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Women work toward negotiating alternatives

Metta Spencer — October 1984

Women from distant parts of Canada met in Toronto in mid-September to spend three days in the second planning session for an “alternative” peace conference — one that will likely be more congenial than “male” versions that have so patently failed in Geneva, Vienna, and New York. The idea was initiated by the Voice of Women, and has won the support of 26 other women’s organizations, who are now constituted as the “Coalition of Canadian Women’s Groups.”

If their plans are fulfilled, guests from 50 nations will be invited to join 50 Canadian women at the” five-day conference in June 1985, titled “The Urgency for True Security: Women’s Alternatives for Negotiating.” In addition, up to 200 other women may be allowed to attend as observers. Mount St. Vincent University in Halifax, Nova Scotia has offered space for the meeting, and Marion Kerans is already at work organizing it from an office on that campus.

The coalition intends to select participants who are experienced in nonviolent methods of addressing inter-group conflicts. For example, they hope that participants will include some of the May Square mothers and grandmothers of Argentina. (These are the women who marched, year in and year out, wearing black arm-bands, in protest against the political oppression from which members of their families had suffered.) They will also invite women who have used nonviolent solutions in terrorist situations, in conflicts between prisoners and guards, in racial confrontations, and the like. Ideally, many of the women will also have experience in senior elected positions that require negotiating techniques and skills in representing the interests of large groups, such as trade unions; and especially international politics.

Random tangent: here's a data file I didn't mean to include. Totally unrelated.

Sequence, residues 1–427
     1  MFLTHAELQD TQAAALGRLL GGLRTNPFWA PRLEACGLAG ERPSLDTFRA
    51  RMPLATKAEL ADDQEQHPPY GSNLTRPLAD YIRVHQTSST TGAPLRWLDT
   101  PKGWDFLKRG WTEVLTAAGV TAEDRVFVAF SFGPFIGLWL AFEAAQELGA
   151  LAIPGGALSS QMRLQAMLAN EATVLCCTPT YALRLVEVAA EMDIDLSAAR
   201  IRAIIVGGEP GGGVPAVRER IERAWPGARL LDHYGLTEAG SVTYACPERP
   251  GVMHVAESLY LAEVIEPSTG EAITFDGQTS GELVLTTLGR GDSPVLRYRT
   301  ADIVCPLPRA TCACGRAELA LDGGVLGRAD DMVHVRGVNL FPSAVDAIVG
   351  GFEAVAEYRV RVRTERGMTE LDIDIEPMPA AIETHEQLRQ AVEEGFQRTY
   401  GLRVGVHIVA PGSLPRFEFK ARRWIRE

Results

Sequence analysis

The women who are planning this conference point out that women have special aptitudes that can be put to good use in resolving conflicts. (The differences were certainly observable during the planning session, as for example when Montreal activist Dorothy Rosenberg had to depart early to attend the event that Joanne Woodward had organized in Washington. She asked for and received a “group hug.” Someone laughingly remarked that if men gave each other send-offs like this, they might be more successful in reaching agreements.)

The coalition of women claim that we are all worse off because, at present, almost all the diplomats involved in treaty negotiations are maie. The planners of the conference are under no illusion that it will be easy to create equal opportunities for women in the process of disarmament negotiation. Still, they are explicitly working toward that objective by designing the conference as something of a “showcase” to spotlight women who’ have already used creative, innovative approaches to peacemaking in many’ places around the world. In this and other ways, the coalition intends to foster women’s confidence in their own tendencies and approaches.

According to Marion Kerans, women will never be accepted as full participants in the negotiation process unless they are part of a worldwide network of support with other peace women. To weave together such a network is vitally important. To that end, the conference will work to assemble materials which can be shared with local groups of activist women. Kits will be designed to promote general understanding, for example, of how rape, pornography, economic insecurity and militarism are intertwined.

Inquiries about the conference should be directed to Marion Kerans, Room 9, Seton Annex, Mount St. Vincent University, 166 Bedford Highway, Halifax B3M 2J6.

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